Over my 12 years working with the company I have been "inspired" by each and every performance. A performance at Camp Pendleton was exceptionally inspirational. Back in 2005 "Voyage of Odysseus" performed at Camp Pendleton for the children of recently deployed Marines. The base is so big, it has its own school district. I remember at the main security gate, an armed Marine asked me about my plastic sword, small wooden ship, and 9 foot mast. The mission cleared security.
After driving several miles on the highly restricted base, I arrived at the the Mary Fay Pendleton Elementary School. Abby Tetenbaum and I met briefly with the principal, who informed us that....'Most of her students had a parent recently deployed to Iraq or Afghanistan'....'Our students are used to that kind of stress, she said, I just wanted you to know'.
Soon after, the parents, teachers and K-2nd settled in for the performance. "Voyage of Odysseus" is interactive. I begin by randomly selecting audience members to come up on stage. They are cast as my rowdy crew of sailors, one is my brave son Telemachus, and another teacher or parent is chosen to be my lovely wife, Penelope. Once the cast is set the journey can begin.
Before sailing across the sea, Odysseus takes pause to bid his wife and son farewell. He tells his son, Telemachus, to be brave and to look out for his mother. Then to his wife, Penelope, he promises to return home soon. He ensures her (with a Queens' kiss on the hand) that she will always be in his heart and on his mind until the day he returns home from battle. Typically at this part of the show the students can't hold back their giggles, and the teacher or parent playing my wife, Penelope, is in full blush. On this day, a silence hung over the room. Penelope held back real tears. Telemachus hung on my every word. It was a moment I'll remember forever. This was their story, and I was telling it.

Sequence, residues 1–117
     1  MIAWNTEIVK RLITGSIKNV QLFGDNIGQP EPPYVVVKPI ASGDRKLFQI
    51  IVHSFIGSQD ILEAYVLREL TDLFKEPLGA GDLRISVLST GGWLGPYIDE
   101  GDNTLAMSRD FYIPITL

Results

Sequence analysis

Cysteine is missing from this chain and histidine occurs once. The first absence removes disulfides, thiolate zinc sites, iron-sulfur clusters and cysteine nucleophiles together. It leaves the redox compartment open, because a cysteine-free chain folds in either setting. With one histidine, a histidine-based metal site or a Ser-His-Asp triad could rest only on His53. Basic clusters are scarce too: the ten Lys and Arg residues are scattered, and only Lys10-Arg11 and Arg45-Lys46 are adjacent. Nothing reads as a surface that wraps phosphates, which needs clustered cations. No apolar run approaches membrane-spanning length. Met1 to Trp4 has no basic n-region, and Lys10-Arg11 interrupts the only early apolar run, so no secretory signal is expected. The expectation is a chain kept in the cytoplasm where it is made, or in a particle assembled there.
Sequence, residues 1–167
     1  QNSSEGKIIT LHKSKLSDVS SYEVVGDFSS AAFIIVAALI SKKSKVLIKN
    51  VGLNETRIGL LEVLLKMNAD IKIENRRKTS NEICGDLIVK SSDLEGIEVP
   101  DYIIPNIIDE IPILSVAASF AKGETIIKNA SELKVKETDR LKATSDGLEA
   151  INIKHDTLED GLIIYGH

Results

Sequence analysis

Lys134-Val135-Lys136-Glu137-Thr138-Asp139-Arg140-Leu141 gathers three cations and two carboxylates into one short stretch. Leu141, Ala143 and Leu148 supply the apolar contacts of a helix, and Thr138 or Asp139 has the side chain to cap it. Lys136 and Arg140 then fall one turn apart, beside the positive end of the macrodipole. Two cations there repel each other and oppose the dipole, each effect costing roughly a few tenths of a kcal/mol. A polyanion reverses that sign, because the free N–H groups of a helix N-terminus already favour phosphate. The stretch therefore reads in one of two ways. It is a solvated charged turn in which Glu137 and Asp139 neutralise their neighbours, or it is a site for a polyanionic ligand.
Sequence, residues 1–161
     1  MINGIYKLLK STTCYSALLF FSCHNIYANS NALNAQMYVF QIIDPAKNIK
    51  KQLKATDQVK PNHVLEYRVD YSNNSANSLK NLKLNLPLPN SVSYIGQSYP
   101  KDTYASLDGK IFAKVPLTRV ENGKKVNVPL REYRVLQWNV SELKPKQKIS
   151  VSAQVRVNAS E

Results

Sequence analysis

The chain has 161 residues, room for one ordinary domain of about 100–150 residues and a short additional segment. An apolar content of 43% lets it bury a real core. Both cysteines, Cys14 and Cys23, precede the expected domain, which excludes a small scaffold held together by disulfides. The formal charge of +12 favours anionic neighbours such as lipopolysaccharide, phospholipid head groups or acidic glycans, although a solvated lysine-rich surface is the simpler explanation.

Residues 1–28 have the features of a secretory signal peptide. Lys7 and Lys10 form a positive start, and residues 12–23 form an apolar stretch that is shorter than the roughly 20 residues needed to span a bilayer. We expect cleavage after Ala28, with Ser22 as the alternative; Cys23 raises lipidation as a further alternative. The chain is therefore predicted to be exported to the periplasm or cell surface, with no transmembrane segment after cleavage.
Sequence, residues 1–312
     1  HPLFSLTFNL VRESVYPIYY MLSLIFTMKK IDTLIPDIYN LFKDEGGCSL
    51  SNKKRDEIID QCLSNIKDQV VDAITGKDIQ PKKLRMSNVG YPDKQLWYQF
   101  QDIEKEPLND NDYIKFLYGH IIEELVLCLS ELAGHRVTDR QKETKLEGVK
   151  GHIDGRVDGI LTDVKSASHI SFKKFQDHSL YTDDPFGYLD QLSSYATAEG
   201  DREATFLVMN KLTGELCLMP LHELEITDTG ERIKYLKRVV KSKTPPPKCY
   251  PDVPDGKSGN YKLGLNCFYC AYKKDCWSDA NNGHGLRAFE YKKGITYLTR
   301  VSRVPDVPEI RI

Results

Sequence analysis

I didn't know until after the show that the parent I randomly chose to be my wife, Penelope, hadn't heard from her husband in several weeks. The young boy chosen to be my son, Telemachus, would never see his real father again. He wasn't coming home. The boyâ€™s real mother watched the show from the aisle.
To answer the question "How have you been inspired by a theatrical performance through Enrichment Works?" is easy. Over my 12 years working with the company I have been "inspired" by each and every performance. The performance at Camp Pendleton was exceptionally inspirational because it was a unique opportunity to give back to those who give so much. The impact of arts in education is immeasurable. I witness it every show.